“I’m the Goddess of Abundance. People are eating more and getting fatter. And that reflects on me. It’s no different than how the use of electricity has heightened your own power. Have you looked in the mirror? If I’m not mistaken you’ve grown a couple feet.”
“Well, yes,” Zeus said, quite proud.
“So no, people aren’t worshipping me.” The potatoes finished, Ceres accepted a triple-layer cake.
“Some are.” Zeus said, so quiet it was almost a squeak.
“How’s that? Some more pagans setting up their little covens in their living rooms?”
“It’s more than that. Yahweh called me to complain again.”
“Which one?” Ceres asked, completely disinterested about whatever the God of Abraham had to talk about.
“The Old Testament one.”
“That pygmy!?” Ceres laughed, so deep and so hard all the flesh around her face began to shake. “Let me guess, he also complained that I’m taking followers away from him.”
“That is the long and the short of it,” Zeus answered, “And he has a case. Kind of.”
“Kind of?” Ceres cocked an eyebrow.
“There’s a church in Texas that used to be his, but now they’re apparently following you.”
“I never told them to.”
“I’m sure you didn’t, but I don’t think Yahweh sees it that way.”
“If he wants to blame someone, he can blame himself. No one wants to follow a god of wrath and hellfire and judgment. He screwed himself over. Not to mention he’s so selfish. ‘Thou shalt have no other gods before me.’ If he wants to raise a stink about losing followers, who cares? He’s got no allies. Maybe if he’d been more of a team player, been the god of something specific. He’s from the Middle East, right? Why couldn’t he be the God of Oil? Think how powerful he’d be today.”
“But about his church…”
“It’s my church now,” Ceres said bluntly. “Isn’t that what you said? Where is it again? Texas?”
“Yes. Somewhere there.”
Ceres turned her attention down to the mortal realm, pretending to seek what she already knew existed.
“Oh, I see. That’s one of those, what do they call them, megachurches, right? Wow. Lots of people. And look, they’re building a statue of me. Can’t remember if I was ever that thin.”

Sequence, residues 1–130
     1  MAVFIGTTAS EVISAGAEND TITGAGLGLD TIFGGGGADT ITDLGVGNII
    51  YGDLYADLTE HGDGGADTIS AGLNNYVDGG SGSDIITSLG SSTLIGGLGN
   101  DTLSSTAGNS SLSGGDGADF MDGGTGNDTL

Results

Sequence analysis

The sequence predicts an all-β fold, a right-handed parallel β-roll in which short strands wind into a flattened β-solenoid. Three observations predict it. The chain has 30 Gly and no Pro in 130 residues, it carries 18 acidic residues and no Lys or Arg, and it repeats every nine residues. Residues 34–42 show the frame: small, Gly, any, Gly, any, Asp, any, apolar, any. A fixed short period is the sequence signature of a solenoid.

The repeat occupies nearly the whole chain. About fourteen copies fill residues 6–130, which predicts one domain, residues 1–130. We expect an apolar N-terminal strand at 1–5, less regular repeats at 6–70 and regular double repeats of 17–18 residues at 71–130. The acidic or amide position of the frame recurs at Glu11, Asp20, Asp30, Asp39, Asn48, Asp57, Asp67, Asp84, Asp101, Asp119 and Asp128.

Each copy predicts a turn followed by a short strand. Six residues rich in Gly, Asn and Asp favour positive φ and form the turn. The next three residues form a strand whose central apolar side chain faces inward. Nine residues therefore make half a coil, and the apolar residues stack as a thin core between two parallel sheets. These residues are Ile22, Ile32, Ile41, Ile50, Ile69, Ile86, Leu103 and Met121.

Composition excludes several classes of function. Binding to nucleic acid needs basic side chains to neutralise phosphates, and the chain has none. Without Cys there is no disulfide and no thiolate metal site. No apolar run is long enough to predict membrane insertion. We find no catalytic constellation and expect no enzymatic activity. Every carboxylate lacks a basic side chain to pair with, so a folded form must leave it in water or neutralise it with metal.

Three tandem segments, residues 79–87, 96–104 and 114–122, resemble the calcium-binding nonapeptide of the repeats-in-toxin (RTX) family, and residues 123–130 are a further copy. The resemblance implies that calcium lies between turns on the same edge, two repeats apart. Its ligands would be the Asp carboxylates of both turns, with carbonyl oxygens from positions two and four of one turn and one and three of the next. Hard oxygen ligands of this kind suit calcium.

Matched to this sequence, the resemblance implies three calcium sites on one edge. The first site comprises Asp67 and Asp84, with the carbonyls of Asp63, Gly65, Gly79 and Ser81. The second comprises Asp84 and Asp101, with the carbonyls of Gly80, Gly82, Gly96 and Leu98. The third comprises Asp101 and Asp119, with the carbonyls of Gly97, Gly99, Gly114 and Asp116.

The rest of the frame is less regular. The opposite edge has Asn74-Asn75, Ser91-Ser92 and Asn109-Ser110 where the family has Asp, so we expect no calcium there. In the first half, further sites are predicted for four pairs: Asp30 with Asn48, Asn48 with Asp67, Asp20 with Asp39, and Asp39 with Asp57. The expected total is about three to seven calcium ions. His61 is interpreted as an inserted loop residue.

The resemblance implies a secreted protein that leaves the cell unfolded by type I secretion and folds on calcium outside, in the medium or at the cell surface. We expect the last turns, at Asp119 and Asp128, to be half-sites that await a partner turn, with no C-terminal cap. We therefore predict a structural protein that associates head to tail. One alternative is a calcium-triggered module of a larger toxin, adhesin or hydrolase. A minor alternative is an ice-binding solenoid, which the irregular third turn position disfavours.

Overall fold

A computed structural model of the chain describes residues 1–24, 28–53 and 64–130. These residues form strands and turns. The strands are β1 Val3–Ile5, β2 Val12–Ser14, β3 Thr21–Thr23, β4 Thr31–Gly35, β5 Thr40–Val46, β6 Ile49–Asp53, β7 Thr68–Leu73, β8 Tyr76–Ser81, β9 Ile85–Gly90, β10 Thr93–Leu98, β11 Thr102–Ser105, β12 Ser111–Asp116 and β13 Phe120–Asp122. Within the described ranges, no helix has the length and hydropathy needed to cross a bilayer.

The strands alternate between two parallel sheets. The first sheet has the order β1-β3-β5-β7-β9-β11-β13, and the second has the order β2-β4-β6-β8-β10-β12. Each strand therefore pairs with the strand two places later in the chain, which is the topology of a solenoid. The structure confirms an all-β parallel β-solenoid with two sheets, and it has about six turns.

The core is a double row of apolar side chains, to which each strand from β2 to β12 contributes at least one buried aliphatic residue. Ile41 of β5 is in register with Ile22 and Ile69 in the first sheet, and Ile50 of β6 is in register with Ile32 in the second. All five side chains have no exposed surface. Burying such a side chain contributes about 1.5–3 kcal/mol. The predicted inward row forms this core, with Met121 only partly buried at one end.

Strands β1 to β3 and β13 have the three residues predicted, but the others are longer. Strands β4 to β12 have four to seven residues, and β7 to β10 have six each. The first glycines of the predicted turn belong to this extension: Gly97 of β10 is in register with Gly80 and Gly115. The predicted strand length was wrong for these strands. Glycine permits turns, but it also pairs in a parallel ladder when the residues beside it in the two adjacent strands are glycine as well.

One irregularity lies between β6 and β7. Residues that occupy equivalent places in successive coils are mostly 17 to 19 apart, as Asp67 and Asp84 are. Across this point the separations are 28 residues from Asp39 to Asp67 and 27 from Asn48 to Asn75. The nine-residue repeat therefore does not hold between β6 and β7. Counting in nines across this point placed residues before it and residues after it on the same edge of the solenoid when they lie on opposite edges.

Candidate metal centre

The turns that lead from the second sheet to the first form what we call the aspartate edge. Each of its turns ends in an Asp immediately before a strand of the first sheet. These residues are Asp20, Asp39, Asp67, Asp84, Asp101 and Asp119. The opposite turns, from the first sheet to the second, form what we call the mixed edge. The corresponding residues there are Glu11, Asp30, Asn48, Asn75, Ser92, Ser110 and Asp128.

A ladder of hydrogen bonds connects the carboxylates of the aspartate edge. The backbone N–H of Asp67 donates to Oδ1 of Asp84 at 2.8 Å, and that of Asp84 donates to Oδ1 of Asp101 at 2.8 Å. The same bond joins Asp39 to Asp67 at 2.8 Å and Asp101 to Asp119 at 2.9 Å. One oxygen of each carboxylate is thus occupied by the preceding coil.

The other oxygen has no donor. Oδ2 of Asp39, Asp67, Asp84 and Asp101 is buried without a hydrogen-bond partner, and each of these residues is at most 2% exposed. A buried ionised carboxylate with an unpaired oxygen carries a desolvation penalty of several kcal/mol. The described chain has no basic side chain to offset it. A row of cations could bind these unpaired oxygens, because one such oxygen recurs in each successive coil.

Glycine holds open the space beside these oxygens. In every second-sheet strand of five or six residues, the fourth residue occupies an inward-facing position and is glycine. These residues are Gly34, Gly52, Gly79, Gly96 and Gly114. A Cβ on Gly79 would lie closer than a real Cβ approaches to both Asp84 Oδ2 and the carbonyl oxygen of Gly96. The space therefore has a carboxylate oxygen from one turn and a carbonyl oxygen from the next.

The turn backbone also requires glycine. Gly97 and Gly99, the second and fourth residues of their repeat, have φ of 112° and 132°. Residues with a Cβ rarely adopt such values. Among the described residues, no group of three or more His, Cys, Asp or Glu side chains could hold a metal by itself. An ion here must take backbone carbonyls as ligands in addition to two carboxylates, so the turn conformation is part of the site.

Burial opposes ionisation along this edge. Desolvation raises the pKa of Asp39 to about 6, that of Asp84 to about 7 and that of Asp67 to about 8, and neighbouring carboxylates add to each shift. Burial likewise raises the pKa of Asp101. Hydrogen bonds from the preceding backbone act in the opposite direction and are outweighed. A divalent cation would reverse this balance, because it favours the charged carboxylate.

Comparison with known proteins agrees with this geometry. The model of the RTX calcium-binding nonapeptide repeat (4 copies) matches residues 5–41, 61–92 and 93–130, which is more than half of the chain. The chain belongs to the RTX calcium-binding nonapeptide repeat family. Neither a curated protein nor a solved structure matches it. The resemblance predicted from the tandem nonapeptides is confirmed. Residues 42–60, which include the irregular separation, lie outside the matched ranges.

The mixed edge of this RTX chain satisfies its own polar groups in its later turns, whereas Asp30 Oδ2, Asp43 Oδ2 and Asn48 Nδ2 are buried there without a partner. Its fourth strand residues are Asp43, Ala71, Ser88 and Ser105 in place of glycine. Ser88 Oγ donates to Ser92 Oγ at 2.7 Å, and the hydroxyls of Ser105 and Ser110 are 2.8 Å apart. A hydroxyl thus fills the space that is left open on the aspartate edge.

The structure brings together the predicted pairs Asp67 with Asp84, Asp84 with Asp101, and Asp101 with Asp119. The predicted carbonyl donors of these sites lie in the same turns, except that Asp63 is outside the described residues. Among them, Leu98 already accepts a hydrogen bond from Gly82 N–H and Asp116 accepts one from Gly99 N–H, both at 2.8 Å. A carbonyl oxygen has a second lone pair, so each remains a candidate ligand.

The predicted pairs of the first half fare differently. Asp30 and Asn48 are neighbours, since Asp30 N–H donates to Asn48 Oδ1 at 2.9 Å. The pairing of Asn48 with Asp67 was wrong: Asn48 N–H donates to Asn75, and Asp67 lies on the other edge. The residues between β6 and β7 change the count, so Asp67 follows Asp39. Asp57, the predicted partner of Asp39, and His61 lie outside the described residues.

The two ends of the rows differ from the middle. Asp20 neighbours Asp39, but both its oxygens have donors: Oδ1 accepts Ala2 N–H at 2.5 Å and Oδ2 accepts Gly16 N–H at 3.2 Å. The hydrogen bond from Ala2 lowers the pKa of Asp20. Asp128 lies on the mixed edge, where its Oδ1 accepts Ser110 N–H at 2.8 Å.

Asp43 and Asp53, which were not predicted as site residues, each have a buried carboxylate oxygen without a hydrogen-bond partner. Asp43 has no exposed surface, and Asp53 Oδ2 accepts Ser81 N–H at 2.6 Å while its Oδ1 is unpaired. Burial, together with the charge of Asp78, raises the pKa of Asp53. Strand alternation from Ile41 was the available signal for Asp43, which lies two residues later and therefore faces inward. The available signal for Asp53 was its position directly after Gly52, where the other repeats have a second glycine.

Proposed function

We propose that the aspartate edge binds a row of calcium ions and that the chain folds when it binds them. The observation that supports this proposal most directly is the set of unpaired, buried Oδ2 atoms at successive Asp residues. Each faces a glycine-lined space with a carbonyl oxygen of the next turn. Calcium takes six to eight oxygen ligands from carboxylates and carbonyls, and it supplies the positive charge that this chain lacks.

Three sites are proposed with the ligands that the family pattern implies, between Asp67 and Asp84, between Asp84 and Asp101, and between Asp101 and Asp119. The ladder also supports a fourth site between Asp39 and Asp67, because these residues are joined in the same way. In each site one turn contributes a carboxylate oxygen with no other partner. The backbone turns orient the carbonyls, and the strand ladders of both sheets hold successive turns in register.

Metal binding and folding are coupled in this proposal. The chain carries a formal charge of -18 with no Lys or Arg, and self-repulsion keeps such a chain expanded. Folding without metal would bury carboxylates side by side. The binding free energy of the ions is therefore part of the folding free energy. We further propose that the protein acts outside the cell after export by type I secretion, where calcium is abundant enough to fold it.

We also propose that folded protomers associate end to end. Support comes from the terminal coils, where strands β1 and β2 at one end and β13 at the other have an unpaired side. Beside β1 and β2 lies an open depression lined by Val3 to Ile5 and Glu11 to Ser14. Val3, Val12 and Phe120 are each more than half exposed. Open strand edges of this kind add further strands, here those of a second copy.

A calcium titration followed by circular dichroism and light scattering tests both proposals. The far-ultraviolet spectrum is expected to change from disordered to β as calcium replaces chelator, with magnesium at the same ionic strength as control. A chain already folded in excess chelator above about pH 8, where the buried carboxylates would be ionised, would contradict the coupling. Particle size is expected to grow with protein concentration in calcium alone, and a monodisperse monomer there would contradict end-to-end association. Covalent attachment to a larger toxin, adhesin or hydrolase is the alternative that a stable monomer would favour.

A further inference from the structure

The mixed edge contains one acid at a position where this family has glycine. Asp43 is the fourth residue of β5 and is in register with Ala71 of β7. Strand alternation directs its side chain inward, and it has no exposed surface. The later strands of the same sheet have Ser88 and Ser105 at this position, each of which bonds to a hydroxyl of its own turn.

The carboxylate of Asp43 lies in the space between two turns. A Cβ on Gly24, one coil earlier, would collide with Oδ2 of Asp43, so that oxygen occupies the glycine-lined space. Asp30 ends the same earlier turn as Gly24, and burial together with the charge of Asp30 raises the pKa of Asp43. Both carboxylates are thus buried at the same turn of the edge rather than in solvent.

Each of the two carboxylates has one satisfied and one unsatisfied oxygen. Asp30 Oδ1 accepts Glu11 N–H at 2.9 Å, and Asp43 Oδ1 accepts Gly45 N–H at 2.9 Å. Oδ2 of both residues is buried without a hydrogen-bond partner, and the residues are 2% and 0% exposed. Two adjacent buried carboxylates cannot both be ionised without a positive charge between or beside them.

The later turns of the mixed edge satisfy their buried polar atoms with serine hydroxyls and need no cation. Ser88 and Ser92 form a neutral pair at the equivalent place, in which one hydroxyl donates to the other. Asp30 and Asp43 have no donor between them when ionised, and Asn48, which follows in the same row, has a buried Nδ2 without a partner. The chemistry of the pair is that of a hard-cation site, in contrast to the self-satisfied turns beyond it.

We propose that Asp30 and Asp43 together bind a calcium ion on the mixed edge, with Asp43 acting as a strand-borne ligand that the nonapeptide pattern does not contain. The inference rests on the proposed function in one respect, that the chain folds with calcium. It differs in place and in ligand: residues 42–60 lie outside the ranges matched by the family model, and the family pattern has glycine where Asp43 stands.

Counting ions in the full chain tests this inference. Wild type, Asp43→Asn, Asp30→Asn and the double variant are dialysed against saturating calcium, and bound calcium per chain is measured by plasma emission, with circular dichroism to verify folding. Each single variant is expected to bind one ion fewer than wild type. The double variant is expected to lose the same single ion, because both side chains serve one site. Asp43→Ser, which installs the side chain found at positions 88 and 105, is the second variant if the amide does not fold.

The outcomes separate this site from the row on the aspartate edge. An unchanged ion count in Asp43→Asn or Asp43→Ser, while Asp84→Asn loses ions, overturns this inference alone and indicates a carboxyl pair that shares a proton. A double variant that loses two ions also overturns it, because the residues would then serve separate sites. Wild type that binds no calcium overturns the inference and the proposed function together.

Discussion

“I agree that Yahweh dug his own hole,” Zeus said, eager to direct Ceres’ disdain toward someone else, “But some of the others have been wondering if you could… you know… maybe stop eating so much.”
The look that Ceres gave Zeus was so withering the God of Thunder felt like he had shrunk a couple feet. All the sounds of chewing and chatting and sex around them went silent as the air became still and heavy.
“It’s just that the others - not me, but guys like Odin - think that your size is influencing the mortals, and that maybe if you stopped growing so fast the mortals wouldn’t be drawn to being fat.”
Ceres said nothing, simply looking at Zeus and letting him stammer on into incoherence. She didn’t even take any food, which made the Greek deity even more nervous.
Finally she spoke, her voice steady but her tone as authoritative as could be.
“Zeus. I’m glad to know you don’t share in this absurd notion that my enormity is influencing the mortals. I grow from their worship, even their unintended worship. That is how it works. Explain that to Odin, Yahweh, and any other god or goddess who doesn’t have the nerve to confront me directly.”
“But what if they don’t listen to me?” And Zeus didn’t even sound like a god now, he sounded like a child afraid to jump into the pool while their father stood in the water with his hands held out.
“You are the most powerful god of the Greek pantheon. You’re a king among beings that shape the universe. Are you telling me a few simpering whiners are too much for you to handle?”
“Take pride in your power! Don’t let the others push you around.”
“OK.” Becoming more confident now, standing at his full height.
“Now go out there and kick some ass, and don’t interrupt my meal unless it’s about something important.”
“Yes, ma’am.” And with that Zeus blinked out of sight, back to his domain.
“He certainly is a gullible one, isn’t he, Your Corpulence?” One of her attendants, pouring a bowl of tomato bisque into her mouth. Ceres drained the entire bowl in one gulp before answering.
“Zeus is the epitome of the old gods. Supreme power, yet so narcissistic it’s child’s play to manipulate them. But he’s a useful fool. With him running interference I haven’t had to deal with any of the other gods or goddesses as I have consolidated my power. Plus, if he hadn’t been convinced to sacrifice Ares so we could all but end war on the mortal plain I never would have grown this vast. Humans couldn’t stop and grow fat as long as they were fighting one another.
“Still, I can’t let the others start getting too big for their britches. Odin wants to get on my case? I guess I’ll turn my attention to Norway now. Make myself known to a few people there, get a couple temples built to me in his own backyard. He’s already so beneath me he can’t stop me, but I want to see him squirm for daring to challenge me. Watch his followers leave him, watch his power wither.
“In the meantime.” Ceres gestured with a hand hidden by uncountable tons of fat, and the sky above her opened up, raining chocolate sauce upon her and her followers. As one, her attendants and worshippers fell into an orgy of sex and food, writhing on top of each other and licking the syrup off the bodies of one another.
It’s a good start, Ceres thought, looking ahead to her number of followers growing, her power growing, and best of all her size growing.